Having Children Lowers Your Blood Pressure?
No, seriously. That vein throbbing on the side of your neck notwithstanding, researchers from Brigham Young University and California State University at Long Beach have good news.
They took ambulatory blood pressure readings of 198 married men and women ages 20 to 68 over a 24-hour period. About 70 percent of the couples had children of various ages.
Guess what. The Annals of Behavioral Medicine reports the parents scored an average of 4.5 points lower than their childless counterparts in systolic blood pressure (when the heart is contracting) and 3 points lower in diastolic blood pressure (when the heart is in between beats).
"Women were driving the effect," lead researcher Julianne Holt-Lunstad, a psychologist at Brigham Young University in Provo, Utah, tells USA Today. "Women with children had the lowest blood pressure, and women without had the highest."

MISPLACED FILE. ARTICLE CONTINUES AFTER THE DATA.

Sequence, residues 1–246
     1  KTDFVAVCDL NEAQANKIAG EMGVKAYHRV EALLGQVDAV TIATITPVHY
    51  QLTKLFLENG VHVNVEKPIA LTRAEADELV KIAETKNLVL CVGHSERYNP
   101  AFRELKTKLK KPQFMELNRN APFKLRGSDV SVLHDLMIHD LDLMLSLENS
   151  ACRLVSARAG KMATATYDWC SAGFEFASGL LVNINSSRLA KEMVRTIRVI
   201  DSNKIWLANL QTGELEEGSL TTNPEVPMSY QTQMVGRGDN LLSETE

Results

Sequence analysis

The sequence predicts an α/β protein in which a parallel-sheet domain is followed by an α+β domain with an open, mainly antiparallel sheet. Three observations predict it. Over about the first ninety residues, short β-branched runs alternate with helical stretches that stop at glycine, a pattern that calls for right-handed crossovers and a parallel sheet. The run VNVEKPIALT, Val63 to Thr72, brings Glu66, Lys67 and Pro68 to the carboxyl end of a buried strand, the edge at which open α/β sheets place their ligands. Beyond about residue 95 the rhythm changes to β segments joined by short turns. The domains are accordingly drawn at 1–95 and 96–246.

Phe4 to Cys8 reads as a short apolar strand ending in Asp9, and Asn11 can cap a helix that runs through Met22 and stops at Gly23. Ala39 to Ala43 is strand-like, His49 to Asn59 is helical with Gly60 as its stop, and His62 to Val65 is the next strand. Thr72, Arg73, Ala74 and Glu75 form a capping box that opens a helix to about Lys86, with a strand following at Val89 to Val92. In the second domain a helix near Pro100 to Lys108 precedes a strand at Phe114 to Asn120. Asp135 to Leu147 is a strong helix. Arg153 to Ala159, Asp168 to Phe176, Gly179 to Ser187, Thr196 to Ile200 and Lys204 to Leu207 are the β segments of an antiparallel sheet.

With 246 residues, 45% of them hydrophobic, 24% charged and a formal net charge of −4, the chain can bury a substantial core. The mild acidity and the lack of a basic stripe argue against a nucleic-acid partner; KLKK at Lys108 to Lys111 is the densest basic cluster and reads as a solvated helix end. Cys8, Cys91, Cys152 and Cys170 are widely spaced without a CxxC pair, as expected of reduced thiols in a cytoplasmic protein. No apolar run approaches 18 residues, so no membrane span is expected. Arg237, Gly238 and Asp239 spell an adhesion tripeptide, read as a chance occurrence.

Mothers showed a 12-point difference in systolic pressure and 7-point difference in diastolic pressure compared with women without children.
Readings were taken while subjects wore blood pressure monitors that took readings at random intervals during the day, including while they were sleeping.
The Los Angeles Times reports that researchers took into account variables such as age, body mass, exercise, employment and smoking.
So what gives parents lower blood pressure?
The Times reports that this and other studies have shown parents benefit medically from the self-esteem that comes from caring for others.
"While caring for children may include daily hassles, deriving a sense of meaning and purpose from life's stress has been shown to be associated with better health outcomes," Holt-Lunstad tells the Times.
On the other hand, the paper reports, studies have also shown that being a parent also makes people more stressed out and vulnerable to cardiovascular disease.
Related: Coffee and Your Blood Pressure
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